Tell patients and carers your name and ask theirs. Be friendly and smile and do not shout Explain every step before proceeding and encourage the patient to ask questions. Be prepared to explain things patiently, calmly and be prepared to repeat information several times or phrase in different ways Ensure the patient is happy to participate in the dispensing process. Written and/or pictorial information can be helpful (eg Easy Read)
Explain the process of dispensing, tailored to the patient’s level of understanding, and check understood.
Before taking any measurements, ensure that the patient knows what will happen, with a simple explanation of why it is being done, especially where physical contact is needed.
The use of toys or demonstrating on a carer can be helpful.
Explain carefully why the patient needs to wear different spectacles for different tasks and label glasses as appropriate.
Emphasise the positive aspects of wearing spectacles and when to wear them. With children a “home and school, specs are cool” approach can help.
Work closely with parents/carers and train them to look carefully at the fit of the spectacles on a regular basis.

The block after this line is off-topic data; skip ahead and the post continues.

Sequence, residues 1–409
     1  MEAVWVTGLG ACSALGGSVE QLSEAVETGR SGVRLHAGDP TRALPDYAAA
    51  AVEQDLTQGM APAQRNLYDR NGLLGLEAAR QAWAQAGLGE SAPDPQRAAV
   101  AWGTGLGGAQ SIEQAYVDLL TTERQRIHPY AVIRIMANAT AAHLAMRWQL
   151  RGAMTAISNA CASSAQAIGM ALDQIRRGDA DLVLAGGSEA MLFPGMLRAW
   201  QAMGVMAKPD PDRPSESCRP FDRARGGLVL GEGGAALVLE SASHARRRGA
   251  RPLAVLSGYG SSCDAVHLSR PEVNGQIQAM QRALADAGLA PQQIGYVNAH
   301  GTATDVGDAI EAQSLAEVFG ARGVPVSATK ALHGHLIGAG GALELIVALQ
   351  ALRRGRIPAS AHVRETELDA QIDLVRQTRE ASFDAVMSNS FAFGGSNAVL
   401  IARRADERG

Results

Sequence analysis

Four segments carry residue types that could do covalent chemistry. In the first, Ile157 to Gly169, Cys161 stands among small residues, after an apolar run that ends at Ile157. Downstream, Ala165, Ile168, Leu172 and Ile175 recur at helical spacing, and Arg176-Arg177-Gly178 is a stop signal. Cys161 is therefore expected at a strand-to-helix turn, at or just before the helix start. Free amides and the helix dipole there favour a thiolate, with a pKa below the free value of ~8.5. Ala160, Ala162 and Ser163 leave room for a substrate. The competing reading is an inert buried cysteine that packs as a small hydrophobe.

Encourage carers to bring the patient back if the fit is compromised.
Impress upon carers that while it is not unusual for people with learning disabilities to be a little heavy handed with their spectacles, a poor fit or slipping specs can affect the vision.
Explain why it is important to have spectacles fitting well and keep them clean.
Explain why it is important for spectacles to be kept in a case when not in use.
Demonstrate some simple repairs and show why it is important to keep spectacles fitting well.
If spectacles are not required, explain the importance and frequency of regular check ups. Encourage the patient to feel proud they have had their eyes examined and they are healthy.